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Bahasa Malaysia version of Ethnobotany Methods Manual launched in Kota Kinabalu, Malaysia,  
18th. September 1998  

Etnobotani, the Bahasa Malaysia version of Ethnobotany Methods Manual, was launched in Kota Kinabalu, Malaysia on September 18, 1998. Representatives of many local institutions – including the Sabah State Museum, Sabah Parks, the Sabah State Library, the Ministry of Culture, Environment and Tourism and the Universiti Malaysia Sabah – attended the event. In addition, more than twenty representatives of sixteen Dusun indigenous communities were present. Numerous members of the local press covered the proceedings. 
 
The guest of honor, Datuk Wilfred Bumburing – Minister of Culture, Environment and Tourism, Sabah  – presented a speech on the role of ethnobotany in Sabah before officially launching the book by cutting a ribbon on a large model of Etnobotani. Introductory speeches were presented by Tengku Datuk Dr. Zainal Adlin, trustee of WWF Malaysia, and Mr. C.L. Chan, managing director of Natural History Publications. 
Dius Tadong, from the Dusun community of Taktuan, receiving an invitation to the Etnobotani launch during a workshop on equitable research partnerships in Mesilau Nature Resort, 17 September 1998  
Gary J. Martin 
After the launch, guests were invited to visit exhibition booths to learn more about People and Plants Online (the Website of the People and Plants Initiative), WWF Malaysia, Natural History Publications and a Kadazandusun Medicinal Plant Manual. Dr. Gary J. Martin, author of the manual, signed and distributed over 150 copies of Etnobotani to guests at the launch. People and Plants in Southeast Asia and WWF Malaysia plan to distribute 1850 additional copies of the manual in Malaysia, Indonesia, Brunei and Singapore.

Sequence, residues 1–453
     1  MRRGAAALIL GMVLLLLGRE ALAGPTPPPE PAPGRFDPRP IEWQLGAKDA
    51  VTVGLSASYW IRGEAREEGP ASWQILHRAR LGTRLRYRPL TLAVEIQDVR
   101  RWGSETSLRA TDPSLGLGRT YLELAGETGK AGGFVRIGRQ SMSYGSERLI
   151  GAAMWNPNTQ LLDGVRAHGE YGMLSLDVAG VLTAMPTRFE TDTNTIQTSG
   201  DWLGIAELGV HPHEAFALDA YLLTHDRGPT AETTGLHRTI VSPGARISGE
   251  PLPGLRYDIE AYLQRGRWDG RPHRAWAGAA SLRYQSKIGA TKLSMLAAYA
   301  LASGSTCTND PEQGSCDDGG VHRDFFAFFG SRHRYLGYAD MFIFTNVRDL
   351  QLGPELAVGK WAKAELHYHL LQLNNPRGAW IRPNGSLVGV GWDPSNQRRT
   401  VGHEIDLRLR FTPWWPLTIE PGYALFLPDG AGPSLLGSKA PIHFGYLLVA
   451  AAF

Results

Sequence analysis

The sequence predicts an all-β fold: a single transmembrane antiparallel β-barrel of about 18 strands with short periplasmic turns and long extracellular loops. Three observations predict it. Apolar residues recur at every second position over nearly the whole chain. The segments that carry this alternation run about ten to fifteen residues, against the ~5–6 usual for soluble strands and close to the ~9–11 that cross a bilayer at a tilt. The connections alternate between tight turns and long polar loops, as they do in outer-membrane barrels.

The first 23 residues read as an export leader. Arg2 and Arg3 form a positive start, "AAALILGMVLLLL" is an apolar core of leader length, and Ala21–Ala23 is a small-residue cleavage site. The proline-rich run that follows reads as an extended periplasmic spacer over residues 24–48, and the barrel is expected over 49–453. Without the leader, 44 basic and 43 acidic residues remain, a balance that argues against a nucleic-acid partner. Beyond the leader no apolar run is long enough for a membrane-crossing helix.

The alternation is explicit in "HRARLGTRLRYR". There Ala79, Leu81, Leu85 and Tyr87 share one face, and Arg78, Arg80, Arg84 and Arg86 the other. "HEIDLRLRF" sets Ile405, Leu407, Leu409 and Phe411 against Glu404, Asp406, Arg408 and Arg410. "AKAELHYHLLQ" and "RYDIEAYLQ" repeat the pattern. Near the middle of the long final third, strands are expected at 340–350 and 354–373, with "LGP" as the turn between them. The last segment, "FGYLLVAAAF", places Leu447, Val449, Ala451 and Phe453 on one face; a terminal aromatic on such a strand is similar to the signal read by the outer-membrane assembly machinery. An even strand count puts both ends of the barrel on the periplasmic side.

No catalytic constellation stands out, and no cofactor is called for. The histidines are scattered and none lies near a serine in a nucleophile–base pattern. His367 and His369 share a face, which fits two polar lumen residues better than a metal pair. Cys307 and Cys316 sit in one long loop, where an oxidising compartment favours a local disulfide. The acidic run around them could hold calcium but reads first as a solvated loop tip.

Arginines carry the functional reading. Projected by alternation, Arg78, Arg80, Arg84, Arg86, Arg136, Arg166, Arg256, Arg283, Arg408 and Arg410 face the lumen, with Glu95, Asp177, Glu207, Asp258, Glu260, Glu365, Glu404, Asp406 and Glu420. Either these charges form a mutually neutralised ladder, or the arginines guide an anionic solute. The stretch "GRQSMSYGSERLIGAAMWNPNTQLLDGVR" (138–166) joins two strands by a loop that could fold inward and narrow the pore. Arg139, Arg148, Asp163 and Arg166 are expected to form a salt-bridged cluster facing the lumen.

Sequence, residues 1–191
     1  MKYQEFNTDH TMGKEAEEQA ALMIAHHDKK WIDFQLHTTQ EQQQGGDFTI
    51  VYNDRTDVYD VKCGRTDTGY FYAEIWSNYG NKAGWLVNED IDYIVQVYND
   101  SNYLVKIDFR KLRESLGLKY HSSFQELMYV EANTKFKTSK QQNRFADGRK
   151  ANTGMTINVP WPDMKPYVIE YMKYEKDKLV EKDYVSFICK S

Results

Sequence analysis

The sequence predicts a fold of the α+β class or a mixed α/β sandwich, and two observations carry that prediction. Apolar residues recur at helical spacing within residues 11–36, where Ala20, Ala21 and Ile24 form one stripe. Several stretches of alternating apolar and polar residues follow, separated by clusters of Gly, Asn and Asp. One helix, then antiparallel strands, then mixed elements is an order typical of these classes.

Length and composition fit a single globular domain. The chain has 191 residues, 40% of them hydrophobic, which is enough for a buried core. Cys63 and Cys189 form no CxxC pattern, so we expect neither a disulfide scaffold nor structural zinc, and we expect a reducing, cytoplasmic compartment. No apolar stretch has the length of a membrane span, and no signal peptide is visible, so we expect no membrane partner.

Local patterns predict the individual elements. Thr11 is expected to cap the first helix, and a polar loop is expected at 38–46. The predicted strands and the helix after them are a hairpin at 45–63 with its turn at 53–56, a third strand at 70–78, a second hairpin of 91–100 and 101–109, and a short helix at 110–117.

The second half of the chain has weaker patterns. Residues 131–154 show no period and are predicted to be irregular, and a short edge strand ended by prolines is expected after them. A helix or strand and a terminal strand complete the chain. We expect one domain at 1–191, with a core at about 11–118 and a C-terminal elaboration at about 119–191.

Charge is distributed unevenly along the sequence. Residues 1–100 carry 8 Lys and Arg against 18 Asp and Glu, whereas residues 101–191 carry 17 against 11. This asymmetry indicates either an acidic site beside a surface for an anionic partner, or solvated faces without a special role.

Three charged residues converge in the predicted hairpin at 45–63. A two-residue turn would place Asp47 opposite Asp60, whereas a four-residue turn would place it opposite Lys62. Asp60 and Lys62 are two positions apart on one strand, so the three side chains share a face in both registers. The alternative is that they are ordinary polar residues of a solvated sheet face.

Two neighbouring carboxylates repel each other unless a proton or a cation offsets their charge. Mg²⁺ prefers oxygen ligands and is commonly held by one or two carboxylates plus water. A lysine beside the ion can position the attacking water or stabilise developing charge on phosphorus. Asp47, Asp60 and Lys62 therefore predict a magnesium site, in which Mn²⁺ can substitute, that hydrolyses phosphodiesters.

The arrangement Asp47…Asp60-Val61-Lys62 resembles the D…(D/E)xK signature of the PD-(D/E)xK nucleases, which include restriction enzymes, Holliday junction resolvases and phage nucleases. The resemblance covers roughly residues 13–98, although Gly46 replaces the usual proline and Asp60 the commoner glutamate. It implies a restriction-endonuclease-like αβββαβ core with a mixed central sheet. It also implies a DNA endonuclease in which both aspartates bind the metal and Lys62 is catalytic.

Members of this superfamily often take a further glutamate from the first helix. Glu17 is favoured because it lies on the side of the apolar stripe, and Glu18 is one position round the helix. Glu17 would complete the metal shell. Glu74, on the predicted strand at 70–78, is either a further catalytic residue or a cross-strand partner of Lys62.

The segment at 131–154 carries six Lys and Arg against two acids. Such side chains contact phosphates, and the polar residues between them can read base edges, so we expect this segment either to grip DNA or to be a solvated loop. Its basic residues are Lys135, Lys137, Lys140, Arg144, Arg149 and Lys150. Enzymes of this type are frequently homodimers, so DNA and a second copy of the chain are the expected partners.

The press release and speeches for the launch are presented below. 
  


Etnobotani book launched in Kota Kinabalu 

Datuk Wilfred Bumburing, Minister of Culture, Environment and Tourism, launched the book Etnobotani in Kota Kinabalu today. Also participating in the event were Tengku Datuk Dr. Zainal Adlin, trustee of the World Wide Fund for Nature Malaysia, and Chan Chew Lun, managing director of Natural History Publications.  

Y.B.Datuk Wilfred Bumburing cutting the ribbon on "Etnobotani" model to launch the manual, as Gary martin looks on.

Co-published by the World Wide Fund for Nature and Natural History Publications, the book was written in English by Dr. Gary J. Martin, an ethnobotanist who received his education at the University of California, Berkeley in the United States. Associate Professor Maryati Mohamed of the Universiti Malaysia Sabah translated the work into Bahasa Malaysia, making the manual accessible to students, researchers and conservationists in Malaysia, Indonesia, Brunei and Singapore.  

Dius Tadong of Takuton explaining the production of the Kadazandusun Medicinal Plant Manual to Datuk Wilfred Bumburing as Alan Hamilton and Y.B Tengku Datuk Dr. Zainal Adlin looks on.